Meg Dickinson recently joined the Beckman community as the Director of Communications.
Aditi Das, an assistant professor of comparative biosciences in the College of Veterinary Medicine and a Beckman Institute faculty member, was recently named the 2019 recipient of the Mary Swartz Rose Young Investigator Award from the American Society for Nutrition and its Foundation. This award recognizes an investigator who is within 10 years of postgraduate training and who has contributed outstanding research on the safety and efficacy of bioactive compounds for human health.
Naira Hovakimyan, a professor of mechanical science and engineering, discusses how technology such as drones and artificial intelligence can help farmers grow more food.
Kiel Christianson, a professor of educational psychology and a Beckman faculty member, and graduate student Nayoung Kim found in their new study that students' comprehension of words in a foreign language improves if teachers pair each word with a gesture – even if the gesture is arbitrary and does not represent a word’s actual meaning.
Dominika Pindus, an assistant professor of kinesiology and community health, is joining the Beckman Institute as a new faculty member in the Mechanisms of Cognitive Control Group.
Gabriel Popescu, a professor of electrical and computer engineering and a Beckman faculty member, has recently published the first volume of a book that aims to provoide readers with basic concpets of optics and methods used in the biomedical optics field. "My goal with this volume series is to present a unifying set of principles and descriptions for the various methods in the biomedical optics field," said Popescu on his book titled Principles of Biophotonics.
Hagfish produce a mighty slime that expands by 10,000 times in a fraction of a second and clogs the gills of potential preditors, yet is one of the softest materials ever measured. Randy Ewoldt, a professor of mechanical science and engineering, comments in this Atlanic article in relation to the hagfish's greatest defense. Ewoldt is a member of the Molecular Design and Engineering Group.
Christian Konopka, a Ph.D. student in bioengineering and a member of the Multimodal Vascular Imaging Group, and Alison Wallum, a Ph.D. student in chemistry and a member of the Nanoelectronics and Nanomaterials Group, will present their research at the Beckman Institute Graduate Student Seminar at noon Wednesday, Feb. 6, in Room 1005 Beckman Institute. Lunch will be served.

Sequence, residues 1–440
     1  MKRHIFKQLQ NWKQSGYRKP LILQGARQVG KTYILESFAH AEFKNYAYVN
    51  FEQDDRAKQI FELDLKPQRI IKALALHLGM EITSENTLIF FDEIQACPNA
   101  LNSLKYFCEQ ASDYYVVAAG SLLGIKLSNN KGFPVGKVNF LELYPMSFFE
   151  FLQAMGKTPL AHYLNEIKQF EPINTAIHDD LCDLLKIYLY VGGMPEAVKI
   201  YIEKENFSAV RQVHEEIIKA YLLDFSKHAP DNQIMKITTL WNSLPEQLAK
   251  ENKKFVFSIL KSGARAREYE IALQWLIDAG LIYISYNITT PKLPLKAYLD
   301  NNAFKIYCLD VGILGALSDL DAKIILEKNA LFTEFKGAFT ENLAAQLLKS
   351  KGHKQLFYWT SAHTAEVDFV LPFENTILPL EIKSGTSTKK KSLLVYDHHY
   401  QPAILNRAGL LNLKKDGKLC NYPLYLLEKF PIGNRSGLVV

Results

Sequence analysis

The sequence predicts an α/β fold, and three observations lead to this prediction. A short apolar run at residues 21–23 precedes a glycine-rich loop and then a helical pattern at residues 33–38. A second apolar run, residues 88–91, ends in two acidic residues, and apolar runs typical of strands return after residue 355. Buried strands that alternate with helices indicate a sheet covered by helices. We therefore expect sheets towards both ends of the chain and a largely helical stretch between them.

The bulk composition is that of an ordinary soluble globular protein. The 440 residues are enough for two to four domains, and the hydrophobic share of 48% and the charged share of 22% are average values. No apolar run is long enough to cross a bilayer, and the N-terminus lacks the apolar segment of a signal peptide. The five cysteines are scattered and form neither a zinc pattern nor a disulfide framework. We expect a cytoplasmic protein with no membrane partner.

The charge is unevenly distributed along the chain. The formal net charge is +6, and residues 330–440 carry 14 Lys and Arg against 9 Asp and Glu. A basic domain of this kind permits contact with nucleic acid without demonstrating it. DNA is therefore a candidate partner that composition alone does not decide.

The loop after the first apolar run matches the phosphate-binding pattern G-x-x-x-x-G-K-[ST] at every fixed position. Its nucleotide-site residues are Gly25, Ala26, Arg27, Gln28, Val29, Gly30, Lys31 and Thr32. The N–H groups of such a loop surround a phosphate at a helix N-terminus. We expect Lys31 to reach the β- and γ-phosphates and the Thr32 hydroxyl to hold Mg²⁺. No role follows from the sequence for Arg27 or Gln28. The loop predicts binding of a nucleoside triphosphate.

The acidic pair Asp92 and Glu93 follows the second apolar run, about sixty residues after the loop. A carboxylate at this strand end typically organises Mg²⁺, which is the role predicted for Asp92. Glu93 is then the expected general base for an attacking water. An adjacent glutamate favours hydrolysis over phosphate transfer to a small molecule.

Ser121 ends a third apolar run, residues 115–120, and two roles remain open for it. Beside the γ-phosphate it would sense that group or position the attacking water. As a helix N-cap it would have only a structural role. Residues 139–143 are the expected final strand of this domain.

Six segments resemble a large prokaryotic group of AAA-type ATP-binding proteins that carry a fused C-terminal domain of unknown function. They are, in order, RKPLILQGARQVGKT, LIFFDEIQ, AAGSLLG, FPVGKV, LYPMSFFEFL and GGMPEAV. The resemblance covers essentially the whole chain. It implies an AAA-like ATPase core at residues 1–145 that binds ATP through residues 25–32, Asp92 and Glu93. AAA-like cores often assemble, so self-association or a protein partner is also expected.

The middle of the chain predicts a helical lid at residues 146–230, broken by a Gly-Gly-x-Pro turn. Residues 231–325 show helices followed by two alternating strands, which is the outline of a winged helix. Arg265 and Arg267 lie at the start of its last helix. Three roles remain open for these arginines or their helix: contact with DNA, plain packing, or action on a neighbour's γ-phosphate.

Growing muscle tissue on grooved platforms helps neurons more effectively integrate with the muscle, a requirement for engineering muscle in the lab that responds and functions like muscle in the body, University of Illinois researchers found in a new study. Beckman faculty members on the research team include Hyunjoon Kong, a professor of chemical and biomolecular engineering; Rashid Bashir, a professor of bioengineering and dean of the College of Engineering; and Marni Boppart, a professor of Kinesiology and Community Health.
Research conducted at the Beckman Institute advances knowledge of auditory perceptual simulation (APS) and how readers process language. The findings could lead to new teaching methods for struggling readers or second language learners.
Coming in many shapes, colors and sizes, strange mouth markings might aid in the survival of young birds, says ornithologist Mark Hauber, a professor of animal biology and Beckman faculty member.
Lynford Goddard, an associate professor of electrical and computer engineering and a Beckman faculty member, has been promoted by SPIE to the grade of Fellow for his technical accomplishments and his service to the society and to the general optics and photonics community.
Beckman Institute partners with Carle Foundation Hospital to offer new postdoctoral fellowship in heart and vascular research.
Narayana Aluru still recalls his good fortune at stepping into the Beckman Institute to meet Karl Hess and Umberto Ravaioli, whose influence continues to inspire him 20 years later.
A new research paper shows songbird embryos can recognize their parents' songs while still in the egg, and develop their brains accordingly. The research, led by Mark Hauber, a professor of animal biology and member of Beckman's Cellular and Molecular Foundations of Intelligent Behavior Group, shows that unhatched birds can tell the difference between birdsong and silence. The paper, published in NeuroReport, even claims they can distinguish between the songs of their own and other species.
Stephen Boppart, a professor of electrical and computer engineering and of bioengineering, the director of the Center for Optical Molecular Imaging, and the head of the Biophotonics Imaging Laboratory at Illinois' Beckman Institute, has won the 2019 SPIE Biophotonics Techology Innovator Award. Boppart is fully committed to moving biophotonics technology from the bench to the bedside, and beyond. He encourages research faculty to drive the translation of their work into the commercial sphere—something he knows a lot about, having founded four biophotonic startup companies. SPIE is the international society for optics and photonics.